The Importance of Numbers in the Story of Hope and Healing
Kelly Green is the Associate Director of The Knowledge Center at Chaddock. Kelly is a mom to 5 amazing kids and in her free time she enjoys leading the children’s and women’s ministries at the church that her husband pastors. Kelly also enjoys cooking for others, trying new restaurants with her husband, watching her youngest son play sports, and of course, hanging out with her most excellent grand kids.
I started at Chaddock 23 years ago and over the years have worked in several departments/capacities. I currently serve as Associate Director for The Knowledge Center at Chaddock (TKC). Our mission at TKC is to build the capacity of human service, education, and nonprofit professionals through training, consultation, publications and research. At TKC many people know that we provide trainings to others in the mental health, education and non-profit worlds, but I wanted to take a few minutes to talk about our lesser-known work, the research and publication arm of TKC.
At Chaddock, we make it a focus to “measure what matters,” and I get to play a role in that as part of my duties at TKC. Chaddock’s mission, “a world where every person matters, relationships are valued, and healing and change are possible,” is one that I love. However, trying to measure healing and improvements in relationships can be a daunting task, but at Chaddock we’ve never been intimidated by doing the hard work.
Through our Developmental Trauma and Attachment Program we know that our kids, families and staff work extremely hard on healing the trauma and attachment disruptions that have impacted their lives, but for me it was important that we try and quantify this for them as well. One of the ways we do this is through the use of clinical assessment measures and questionnaires that we have both parents and the child do at the beginning, middle and end of treatment at Chaddock. Working together with our staff, children and their families use these assessment measures to discover their strengths, areas of treatment focus, develop and evaluate goals and see improvement and change over the course of the treatment.
When your life has been impacted by trauma and relational challenges, it’s sometimes hard to see the forest through the trees, and often parents have lost hope that things will change when they place their child at Chaddock. Likewise, some of our youth have given up on this hope as well. It’s so refreshing to me when I hear from a therapist that a youth or parent cries “happy tears” when they show them how their assessment scores have improved in an area they’ve let the walls down in and they’ve been working hard in, areas that were of great concern to their parents and them before coming to Chaddock. This evidence helps them to see that things are getting better and this can fuel them to trust more and to keep working hard. It blows my mind sometimes when we see such significant improvements from placement to discharge in a parent’s attachment relationship with their child, including decreases in levels of frustration and increases in their overall confidence as a parent too. This in turn restores hope and shows that healing is possible to families.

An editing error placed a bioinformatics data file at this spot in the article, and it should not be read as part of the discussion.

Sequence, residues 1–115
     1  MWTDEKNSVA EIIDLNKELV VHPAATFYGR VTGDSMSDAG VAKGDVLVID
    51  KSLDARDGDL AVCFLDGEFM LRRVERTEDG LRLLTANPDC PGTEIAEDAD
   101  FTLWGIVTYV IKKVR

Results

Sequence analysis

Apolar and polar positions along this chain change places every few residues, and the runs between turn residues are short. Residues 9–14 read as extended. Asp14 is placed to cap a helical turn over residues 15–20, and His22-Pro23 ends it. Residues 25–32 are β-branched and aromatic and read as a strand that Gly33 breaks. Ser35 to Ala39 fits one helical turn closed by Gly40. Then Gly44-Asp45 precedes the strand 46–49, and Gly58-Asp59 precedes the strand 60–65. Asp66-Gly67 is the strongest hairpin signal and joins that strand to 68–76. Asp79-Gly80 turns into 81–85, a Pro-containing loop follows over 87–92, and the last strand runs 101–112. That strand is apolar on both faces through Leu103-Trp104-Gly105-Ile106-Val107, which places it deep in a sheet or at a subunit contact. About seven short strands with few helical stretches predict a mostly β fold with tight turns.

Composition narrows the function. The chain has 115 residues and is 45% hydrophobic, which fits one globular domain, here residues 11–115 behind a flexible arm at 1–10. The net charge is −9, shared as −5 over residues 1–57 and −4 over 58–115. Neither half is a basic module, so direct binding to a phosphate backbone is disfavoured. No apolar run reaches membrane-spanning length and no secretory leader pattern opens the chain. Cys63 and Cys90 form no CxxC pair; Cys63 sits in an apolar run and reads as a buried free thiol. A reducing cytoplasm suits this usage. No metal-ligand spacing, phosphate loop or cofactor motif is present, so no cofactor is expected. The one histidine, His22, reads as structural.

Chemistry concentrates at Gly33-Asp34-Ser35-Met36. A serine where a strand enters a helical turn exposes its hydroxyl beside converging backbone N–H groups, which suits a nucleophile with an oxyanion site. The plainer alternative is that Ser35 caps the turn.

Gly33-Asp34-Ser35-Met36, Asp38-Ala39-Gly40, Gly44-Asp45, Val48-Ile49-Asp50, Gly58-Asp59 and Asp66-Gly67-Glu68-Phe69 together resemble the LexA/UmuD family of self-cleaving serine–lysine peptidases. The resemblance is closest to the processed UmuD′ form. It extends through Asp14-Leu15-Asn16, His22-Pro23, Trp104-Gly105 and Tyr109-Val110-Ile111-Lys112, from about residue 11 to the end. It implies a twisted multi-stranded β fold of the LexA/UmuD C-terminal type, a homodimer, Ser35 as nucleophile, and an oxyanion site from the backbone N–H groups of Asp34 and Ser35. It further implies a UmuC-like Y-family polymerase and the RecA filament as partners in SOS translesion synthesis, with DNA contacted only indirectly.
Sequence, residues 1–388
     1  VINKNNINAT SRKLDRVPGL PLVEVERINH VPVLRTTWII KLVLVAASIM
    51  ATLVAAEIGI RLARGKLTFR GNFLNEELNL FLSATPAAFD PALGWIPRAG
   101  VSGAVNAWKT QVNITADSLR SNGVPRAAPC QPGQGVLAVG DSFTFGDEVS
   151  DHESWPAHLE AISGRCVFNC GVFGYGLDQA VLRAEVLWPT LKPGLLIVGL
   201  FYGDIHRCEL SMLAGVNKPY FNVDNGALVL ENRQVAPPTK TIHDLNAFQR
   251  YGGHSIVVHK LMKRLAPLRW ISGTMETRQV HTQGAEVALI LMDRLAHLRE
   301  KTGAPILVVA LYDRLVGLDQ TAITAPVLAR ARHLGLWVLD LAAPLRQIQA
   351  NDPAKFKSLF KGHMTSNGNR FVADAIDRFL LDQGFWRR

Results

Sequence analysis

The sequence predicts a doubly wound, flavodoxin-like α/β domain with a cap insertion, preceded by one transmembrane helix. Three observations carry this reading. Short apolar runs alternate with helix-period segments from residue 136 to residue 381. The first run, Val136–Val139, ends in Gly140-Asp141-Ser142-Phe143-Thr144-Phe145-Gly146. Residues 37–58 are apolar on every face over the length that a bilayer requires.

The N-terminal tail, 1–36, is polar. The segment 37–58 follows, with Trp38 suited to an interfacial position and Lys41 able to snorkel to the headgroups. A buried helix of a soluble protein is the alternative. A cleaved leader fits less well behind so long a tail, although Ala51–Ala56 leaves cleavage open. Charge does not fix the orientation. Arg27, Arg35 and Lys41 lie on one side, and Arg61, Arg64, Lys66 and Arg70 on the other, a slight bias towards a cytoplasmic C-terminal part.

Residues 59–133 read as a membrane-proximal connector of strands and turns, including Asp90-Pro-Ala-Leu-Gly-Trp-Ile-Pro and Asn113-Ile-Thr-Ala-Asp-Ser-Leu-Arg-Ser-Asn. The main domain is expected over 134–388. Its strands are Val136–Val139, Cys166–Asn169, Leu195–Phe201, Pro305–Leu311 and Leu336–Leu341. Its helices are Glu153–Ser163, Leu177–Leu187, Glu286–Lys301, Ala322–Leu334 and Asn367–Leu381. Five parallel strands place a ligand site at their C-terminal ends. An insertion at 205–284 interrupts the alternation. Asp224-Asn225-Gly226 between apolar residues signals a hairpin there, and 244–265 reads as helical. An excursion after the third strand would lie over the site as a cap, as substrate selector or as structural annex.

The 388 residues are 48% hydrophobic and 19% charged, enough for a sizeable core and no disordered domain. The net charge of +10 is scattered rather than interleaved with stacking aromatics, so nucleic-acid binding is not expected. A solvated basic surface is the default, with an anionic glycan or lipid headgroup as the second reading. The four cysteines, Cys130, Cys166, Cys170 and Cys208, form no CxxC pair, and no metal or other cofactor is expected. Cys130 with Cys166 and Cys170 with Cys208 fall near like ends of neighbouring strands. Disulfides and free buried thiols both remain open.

As a Christian, God tells us to have faith and believe, which I do, but I also identify with both doubting Thomas who needed to see the scars in Jesus’ hands in order to believe and also the man who told Jesus, “I believe, but help my unbelief.” I’ve always been one that wants to see the evidence behind things or wants to figure it out and get to the root of things. There are parents, kids and youth that need to have a reassurance too before making the big leap of faith to put in the hard work of healing their relationships and to even consider there is still hope and healing available to them. I’d like to think by showing them the evidence it can instill hope for them as well. This is also why I see so much value in Chaddock’s assessment process.
It’s amazing that we’ve been able to not only use individual data, but that we can then take the collective data (or evidence of numerous families) and tell the story to others via books, podcasts and journal articles, providing insight on a programmatic level about the amazing things that happen at Chaddock through our Developmental Trauma and Attachment program.